GREEN BAY - Sixteen-year-old Abbi Briggs says she's excited to have a summer job working at Bay Beach Amusement Park.
"This is my first job I've ever had," said an excited Briggs. "Yeah, I like it. It's fun getting out instead of just sitting at home all day."
However, she says that's just what some of her friends are doing.
"A lot of my friends have been looking, but [they haven't been] too lucky, so far," she said.
Teens, like Abbi, might be just some of the lucky ones.
Workforce officials say that teens will be looking for jobs the entire summer and sometimes, might not even find one.
"Some of the things they used to do have been automated," explained Jim Golembeski.
Golembeski is the executive director of the Bay Area Workforce Development Board.
He says there's no hard numbers on the exact number of unemployed teens.
However, he says as normal, teenager jobs (like working at a movie store) become automated, college students return home or older people take traditional teen jobs, teenagers are often the ones crowded out and don't have many places to turn to.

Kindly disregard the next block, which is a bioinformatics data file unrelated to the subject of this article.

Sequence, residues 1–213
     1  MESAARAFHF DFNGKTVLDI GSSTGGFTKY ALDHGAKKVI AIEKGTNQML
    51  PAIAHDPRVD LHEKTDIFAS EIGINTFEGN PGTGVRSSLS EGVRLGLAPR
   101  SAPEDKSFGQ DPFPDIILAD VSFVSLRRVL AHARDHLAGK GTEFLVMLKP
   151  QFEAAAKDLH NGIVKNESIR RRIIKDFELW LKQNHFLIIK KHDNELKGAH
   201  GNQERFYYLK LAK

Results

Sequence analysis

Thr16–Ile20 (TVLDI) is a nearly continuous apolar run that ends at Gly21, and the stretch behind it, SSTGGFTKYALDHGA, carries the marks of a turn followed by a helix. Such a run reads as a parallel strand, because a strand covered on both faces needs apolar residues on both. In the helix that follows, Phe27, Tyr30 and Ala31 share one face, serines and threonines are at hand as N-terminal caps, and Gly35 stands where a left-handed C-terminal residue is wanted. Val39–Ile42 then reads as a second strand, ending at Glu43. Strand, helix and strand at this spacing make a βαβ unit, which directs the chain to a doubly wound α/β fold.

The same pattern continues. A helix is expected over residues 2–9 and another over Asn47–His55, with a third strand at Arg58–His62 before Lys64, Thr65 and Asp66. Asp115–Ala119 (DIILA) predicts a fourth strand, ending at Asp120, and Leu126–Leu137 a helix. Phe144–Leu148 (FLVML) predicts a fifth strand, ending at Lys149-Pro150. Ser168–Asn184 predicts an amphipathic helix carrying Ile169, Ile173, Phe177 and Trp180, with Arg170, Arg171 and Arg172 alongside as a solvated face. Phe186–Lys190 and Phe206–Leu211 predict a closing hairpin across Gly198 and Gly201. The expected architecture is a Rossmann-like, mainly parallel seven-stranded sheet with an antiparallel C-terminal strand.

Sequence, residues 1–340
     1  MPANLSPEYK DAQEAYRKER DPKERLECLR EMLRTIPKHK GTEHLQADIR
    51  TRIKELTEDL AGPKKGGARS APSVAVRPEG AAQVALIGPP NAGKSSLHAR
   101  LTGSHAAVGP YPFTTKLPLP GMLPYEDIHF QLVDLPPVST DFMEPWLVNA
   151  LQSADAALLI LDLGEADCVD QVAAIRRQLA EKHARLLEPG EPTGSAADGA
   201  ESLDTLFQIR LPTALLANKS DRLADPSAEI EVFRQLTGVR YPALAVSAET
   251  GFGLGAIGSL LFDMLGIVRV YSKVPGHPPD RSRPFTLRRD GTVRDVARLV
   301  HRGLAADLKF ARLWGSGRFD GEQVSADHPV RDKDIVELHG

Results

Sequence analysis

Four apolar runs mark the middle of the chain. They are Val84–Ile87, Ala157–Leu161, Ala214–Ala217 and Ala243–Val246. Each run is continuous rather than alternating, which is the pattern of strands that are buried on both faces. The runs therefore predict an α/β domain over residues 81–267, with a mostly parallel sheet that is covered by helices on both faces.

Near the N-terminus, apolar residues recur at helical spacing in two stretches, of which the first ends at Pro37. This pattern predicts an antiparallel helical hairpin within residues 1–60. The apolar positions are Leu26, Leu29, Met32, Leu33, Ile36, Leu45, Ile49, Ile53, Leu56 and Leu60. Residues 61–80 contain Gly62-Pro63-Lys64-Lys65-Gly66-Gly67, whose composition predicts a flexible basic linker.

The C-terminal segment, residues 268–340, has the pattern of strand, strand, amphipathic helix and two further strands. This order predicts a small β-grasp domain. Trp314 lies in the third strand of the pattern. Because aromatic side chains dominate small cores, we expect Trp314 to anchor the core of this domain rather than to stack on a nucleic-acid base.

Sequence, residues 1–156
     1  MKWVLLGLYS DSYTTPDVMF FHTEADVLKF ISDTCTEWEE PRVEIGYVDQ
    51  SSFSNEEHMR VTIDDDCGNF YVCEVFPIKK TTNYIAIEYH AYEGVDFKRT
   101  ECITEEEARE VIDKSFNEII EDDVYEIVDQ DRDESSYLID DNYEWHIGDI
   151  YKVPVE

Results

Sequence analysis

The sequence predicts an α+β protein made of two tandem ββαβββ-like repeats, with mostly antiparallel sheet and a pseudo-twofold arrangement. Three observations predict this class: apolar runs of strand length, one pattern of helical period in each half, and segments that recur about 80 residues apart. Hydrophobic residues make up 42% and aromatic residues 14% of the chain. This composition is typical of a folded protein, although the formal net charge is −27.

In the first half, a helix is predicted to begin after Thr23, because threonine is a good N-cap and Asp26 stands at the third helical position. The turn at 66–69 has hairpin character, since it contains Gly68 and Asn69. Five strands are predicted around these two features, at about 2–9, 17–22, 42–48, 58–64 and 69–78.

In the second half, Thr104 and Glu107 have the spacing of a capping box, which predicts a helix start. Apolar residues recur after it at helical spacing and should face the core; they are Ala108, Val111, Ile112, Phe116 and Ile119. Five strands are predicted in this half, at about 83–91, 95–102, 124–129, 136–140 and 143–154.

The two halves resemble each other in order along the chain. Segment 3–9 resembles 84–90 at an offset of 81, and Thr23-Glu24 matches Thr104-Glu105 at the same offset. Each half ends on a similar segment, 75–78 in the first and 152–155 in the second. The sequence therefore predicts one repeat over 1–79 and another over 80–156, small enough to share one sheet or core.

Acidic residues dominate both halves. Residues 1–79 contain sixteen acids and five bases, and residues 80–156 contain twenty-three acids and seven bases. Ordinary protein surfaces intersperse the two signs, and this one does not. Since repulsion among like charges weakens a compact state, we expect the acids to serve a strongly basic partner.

"Teen unemployment is definitely a lot higher today than it was, say, 10 or 12 years ago," said Golembeski.
"I think the older generation may be coming in, is adding to that mentorship type experience," said James Andersen, recreation superintendent for the Green Bay Parks Department.
Andersen says the majority of the department's 450 seasonal summer hires are teens or college-aged kids.
However, he says he's seen an increase in older people, like teachers, apply for summer jobs.
Andersen says while it could take a job away from a teen, he sees it as a positive.
"They can lead by example and they can bring their experience and maturity level and the younger generation can see that and just learn from that," Andersen said.
Golembeski says another sticking point for teens finding jobs are summer activities.
He says, often times, companies and teens cannot work around conflicts like sports or music camps.
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